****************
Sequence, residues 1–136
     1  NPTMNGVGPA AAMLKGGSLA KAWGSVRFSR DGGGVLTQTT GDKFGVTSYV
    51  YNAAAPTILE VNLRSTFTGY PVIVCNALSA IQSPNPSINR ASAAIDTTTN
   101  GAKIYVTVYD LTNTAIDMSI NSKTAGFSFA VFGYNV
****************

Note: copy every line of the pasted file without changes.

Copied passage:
Sequence, residues 1–136
     1  NPTMNGVGPA AAMLKGGSLA KAWGSVRFSR DGGGVLTQTT GDKFGVTSYV
    51  YNAAAPTILE VNLRSTFTGY PVIVCNALSA IQSPNPSINR ASAAIDTTTN
   101  GAKIYVTVYD LTNTAIDMSI NSKTAGFSFA VFGYNV